In a life-and-death situation of being sword-tip to sword-tip with the enemy, where should the swordsman put his mind?
This is the first question posed in the first of three essays written by a Zen master for the guidance of samurai swordsmen. Among the other questions that arise are the difference between the right mind and the confused mind, what makes life precious, the nature of right-mindedness, the Buddhist paradigm of form and consciousness, and what distinguishes the True Mind. So succinct are the author's insights that these writings have outlasted the dissolution of the samurai class to come down to the present as sources of guidance and inspiration for captains of business and industry, as well as those devoted to the practice of the martial arts in their modern forms.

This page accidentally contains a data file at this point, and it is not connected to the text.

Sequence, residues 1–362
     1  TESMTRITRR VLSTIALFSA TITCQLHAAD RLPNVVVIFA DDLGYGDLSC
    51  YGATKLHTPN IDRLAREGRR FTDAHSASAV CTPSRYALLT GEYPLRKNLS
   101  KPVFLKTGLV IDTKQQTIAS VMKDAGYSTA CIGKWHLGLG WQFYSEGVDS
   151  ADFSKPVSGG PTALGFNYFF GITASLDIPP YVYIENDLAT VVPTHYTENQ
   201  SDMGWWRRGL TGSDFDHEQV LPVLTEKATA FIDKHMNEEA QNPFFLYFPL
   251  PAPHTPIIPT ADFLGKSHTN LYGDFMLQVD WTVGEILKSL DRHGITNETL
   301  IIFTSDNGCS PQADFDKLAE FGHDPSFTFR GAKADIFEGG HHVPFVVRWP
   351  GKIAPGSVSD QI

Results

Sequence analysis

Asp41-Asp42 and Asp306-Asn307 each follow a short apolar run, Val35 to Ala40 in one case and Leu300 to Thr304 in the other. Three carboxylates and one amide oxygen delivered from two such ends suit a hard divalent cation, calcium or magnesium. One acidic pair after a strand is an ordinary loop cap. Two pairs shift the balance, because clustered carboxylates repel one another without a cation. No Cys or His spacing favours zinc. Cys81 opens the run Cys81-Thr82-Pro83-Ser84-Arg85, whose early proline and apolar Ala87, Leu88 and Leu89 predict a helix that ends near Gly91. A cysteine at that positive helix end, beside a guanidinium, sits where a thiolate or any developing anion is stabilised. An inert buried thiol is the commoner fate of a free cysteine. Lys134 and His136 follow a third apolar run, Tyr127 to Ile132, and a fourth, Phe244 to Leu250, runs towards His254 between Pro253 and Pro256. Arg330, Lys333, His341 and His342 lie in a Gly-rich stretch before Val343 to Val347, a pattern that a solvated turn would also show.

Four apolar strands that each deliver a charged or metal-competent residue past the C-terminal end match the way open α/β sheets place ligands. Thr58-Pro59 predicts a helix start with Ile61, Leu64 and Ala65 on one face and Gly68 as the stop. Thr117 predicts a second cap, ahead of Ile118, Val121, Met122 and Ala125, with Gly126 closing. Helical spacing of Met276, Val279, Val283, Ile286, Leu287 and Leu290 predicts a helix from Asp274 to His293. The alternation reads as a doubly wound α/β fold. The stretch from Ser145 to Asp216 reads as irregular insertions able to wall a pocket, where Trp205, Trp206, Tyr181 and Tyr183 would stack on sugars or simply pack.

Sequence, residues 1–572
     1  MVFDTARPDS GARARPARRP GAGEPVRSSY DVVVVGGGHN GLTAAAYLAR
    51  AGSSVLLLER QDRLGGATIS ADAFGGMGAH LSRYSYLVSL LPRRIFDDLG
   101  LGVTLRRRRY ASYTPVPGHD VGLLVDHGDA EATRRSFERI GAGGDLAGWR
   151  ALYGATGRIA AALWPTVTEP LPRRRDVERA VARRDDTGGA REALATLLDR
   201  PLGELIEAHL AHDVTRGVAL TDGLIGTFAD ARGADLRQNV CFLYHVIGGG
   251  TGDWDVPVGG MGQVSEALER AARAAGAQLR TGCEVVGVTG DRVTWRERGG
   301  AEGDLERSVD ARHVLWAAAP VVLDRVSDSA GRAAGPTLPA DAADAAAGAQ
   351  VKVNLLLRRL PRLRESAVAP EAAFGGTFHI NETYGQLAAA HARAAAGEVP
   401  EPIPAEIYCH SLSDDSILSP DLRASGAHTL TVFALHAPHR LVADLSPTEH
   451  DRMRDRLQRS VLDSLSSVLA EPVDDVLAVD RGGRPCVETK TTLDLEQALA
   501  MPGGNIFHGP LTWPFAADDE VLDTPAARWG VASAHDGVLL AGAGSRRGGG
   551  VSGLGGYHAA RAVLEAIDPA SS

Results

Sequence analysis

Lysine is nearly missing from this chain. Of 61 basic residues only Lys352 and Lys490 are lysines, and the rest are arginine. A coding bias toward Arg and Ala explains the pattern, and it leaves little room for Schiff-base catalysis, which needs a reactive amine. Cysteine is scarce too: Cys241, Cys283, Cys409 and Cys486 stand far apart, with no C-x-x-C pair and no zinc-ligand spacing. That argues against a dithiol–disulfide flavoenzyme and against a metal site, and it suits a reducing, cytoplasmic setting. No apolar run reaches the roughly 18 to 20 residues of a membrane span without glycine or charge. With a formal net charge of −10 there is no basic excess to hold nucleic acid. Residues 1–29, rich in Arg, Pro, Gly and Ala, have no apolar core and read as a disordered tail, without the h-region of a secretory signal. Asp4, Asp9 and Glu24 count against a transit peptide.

The history of the sword in Japan goes back to antiquity. Zen and its meditative practices also have a long history, but it was not until the rule of the Tokugawa shoguns, beginning in the early 1600s, that the techniques of swordsmanship fused with the spirit of Zen. And if one man can be said to have been the prime mover in this phenomenon, it was none other than Takuan Soho, confidant and religious instructor to an emperor, to a great sword master, and to the heads of the most important sword schools of the time.
Takuan's meditations on the sword in the essays presented here are classics of Zen thinking.